Croatian philosopher of science and politics Neven Sesardic (b. 1949) retired from Lingnan University, Hong Kong, in 2015. He wrote a book shortly thereafter, When Reason Goes on Holiday: Philosophers in Politics (Encounter Books, 2016). He was wise to wait till he had his pension…
First, Einstein. His cautious sympathy for Stalin comes as a surprise. Einstein seemed over-anxious to discount the obvious, as when, for example, 48 scientists were shot within a couple of days without even a show trial.
Imre Lakatos (1922–1974) after whom a prestigious philosophy of science award is named, worked hard to demolish intellectual freedom in his native Hungary. As an agent with a Party code name, he informed on his own mentor and searched his wastebasket. Much is made of his time in a labour camp but he was put there for being too Stalinist. Then there was the unpleasant business of forcing a girl to commit suicide. Moral philosopher Bernard Williams considered him “kind of a thug” and a “psychopath.”
The fact that these eminent thinkers ended up in the United States is sometimes taken to imply that they were resolutely anti-totalitarian. But in the digital age, we might best describe their biographers’ art as reputation management. Biographers go to great lengths to protect their subjects’ reputations, creating ambiguity, casting doubt on their support for totalitarianism, and offering distractions. For example, we are told by elite philosophy source Stanford Plato that Lakatos was a “warm and witty friend” as well as an inspiring teacher.
Knowing your math does not make you moral.
It may not even make you sane.
Most people close their eyes to unpleasantness in their past. Political movements do the same thing on a grander scale. Nowhere is this truer than in the willful blindness of twenty-first-century progressives to their early twentieth-century counterparts’ embrace of eugenics.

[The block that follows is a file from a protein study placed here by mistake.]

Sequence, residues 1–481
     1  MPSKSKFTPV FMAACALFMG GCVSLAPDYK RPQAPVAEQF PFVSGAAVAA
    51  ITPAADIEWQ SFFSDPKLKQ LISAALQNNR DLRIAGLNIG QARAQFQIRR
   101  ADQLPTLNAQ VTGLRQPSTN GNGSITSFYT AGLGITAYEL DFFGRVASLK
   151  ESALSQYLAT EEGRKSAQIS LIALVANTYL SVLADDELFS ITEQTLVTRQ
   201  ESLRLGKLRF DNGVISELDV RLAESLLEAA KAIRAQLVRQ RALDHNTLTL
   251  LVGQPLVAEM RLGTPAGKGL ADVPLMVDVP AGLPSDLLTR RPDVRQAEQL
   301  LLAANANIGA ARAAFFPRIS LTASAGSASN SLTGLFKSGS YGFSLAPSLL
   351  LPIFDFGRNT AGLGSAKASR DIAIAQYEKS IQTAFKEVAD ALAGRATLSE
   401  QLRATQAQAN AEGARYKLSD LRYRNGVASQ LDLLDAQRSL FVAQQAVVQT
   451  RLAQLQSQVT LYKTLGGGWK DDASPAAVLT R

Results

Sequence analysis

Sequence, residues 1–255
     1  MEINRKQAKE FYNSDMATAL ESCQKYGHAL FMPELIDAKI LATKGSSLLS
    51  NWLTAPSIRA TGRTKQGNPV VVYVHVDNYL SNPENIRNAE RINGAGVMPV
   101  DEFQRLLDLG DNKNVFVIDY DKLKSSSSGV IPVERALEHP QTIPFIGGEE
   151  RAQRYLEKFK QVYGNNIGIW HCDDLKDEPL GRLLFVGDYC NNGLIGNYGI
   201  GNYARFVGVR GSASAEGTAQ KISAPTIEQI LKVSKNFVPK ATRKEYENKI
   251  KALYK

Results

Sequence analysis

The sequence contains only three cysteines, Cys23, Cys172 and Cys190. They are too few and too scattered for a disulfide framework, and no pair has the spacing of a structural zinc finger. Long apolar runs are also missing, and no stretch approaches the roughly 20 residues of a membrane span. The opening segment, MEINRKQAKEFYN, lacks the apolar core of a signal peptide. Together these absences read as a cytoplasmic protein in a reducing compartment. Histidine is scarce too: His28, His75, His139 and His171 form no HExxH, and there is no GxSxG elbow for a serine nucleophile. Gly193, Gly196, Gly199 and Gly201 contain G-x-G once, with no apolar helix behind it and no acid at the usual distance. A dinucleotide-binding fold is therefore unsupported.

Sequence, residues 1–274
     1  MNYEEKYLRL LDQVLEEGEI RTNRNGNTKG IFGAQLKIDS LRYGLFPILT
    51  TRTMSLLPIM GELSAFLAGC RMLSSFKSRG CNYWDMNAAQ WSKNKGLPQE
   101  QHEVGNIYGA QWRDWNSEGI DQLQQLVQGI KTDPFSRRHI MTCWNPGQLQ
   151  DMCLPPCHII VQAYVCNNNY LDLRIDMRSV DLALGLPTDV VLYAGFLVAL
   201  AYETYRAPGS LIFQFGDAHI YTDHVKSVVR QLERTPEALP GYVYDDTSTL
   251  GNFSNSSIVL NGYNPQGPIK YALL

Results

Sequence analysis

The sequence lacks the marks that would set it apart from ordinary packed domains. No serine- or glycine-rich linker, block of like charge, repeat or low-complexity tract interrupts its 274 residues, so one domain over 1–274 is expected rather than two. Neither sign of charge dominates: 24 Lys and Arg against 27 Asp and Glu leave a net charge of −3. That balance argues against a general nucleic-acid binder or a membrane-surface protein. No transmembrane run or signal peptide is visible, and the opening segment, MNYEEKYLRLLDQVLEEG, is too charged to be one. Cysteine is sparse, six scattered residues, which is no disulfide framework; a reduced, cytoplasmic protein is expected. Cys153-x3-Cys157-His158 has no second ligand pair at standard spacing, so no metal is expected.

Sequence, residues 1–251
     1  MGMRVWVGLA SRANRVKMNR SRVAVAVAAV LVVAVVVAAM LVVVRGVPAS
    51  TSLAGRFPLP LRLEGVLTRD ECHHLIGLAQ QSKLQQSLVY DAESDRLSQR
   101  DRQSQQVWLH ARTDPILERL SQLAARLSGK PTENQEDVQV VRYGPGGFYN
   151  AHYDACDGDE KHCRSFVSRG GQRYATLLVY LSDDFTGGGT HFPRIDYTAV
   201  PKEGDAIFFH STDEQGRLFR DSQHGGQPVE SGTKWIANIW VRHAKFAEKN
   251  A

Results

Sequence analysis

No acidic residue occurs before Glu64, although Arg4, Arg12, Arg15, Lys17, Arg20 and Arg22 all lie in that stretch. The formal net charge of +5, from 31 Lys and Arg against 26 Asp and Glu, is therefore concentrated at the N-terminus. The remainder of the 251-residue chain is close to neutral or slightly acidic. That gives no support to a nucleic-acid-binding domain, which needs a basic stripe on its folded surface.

After seeing the end result of such ideas in the Holocaust, progressives naturally sought to bury their connection to this genocidal concept, and succeeded in doing so, at least when they can discredit conservatives who persist in mentioning it. That problem bubbled to the surface last week when Bloomberg’s economist and writer Noah Smith tweeted, “Apparently some people believe that eugenics was the scientific consensus 100 years ago. Sounds like a total myth to me.”
That historical denialism did not go unnoticed. The editors of The New Atlantis, among others, pointed out the dangerous historical ignorance at work in that statement. Indeed, they went further than Smith and cracked a book or two to back up their points (see the thread here).
If those who do not remember history are bound to repeat it, what does that make people who willfully forget history?
Liars who are hiding their murders in the past, so they can have another go at it when the coast is clear.
Ye are of your father the devil, and the lusts of your father ye will do. He was a murderer from the beginning, and abode not in the truth, because there is no truth in him. When he speaketh a lie, he speaketh of his own: for he is a liar, and the father of it. — John 8:44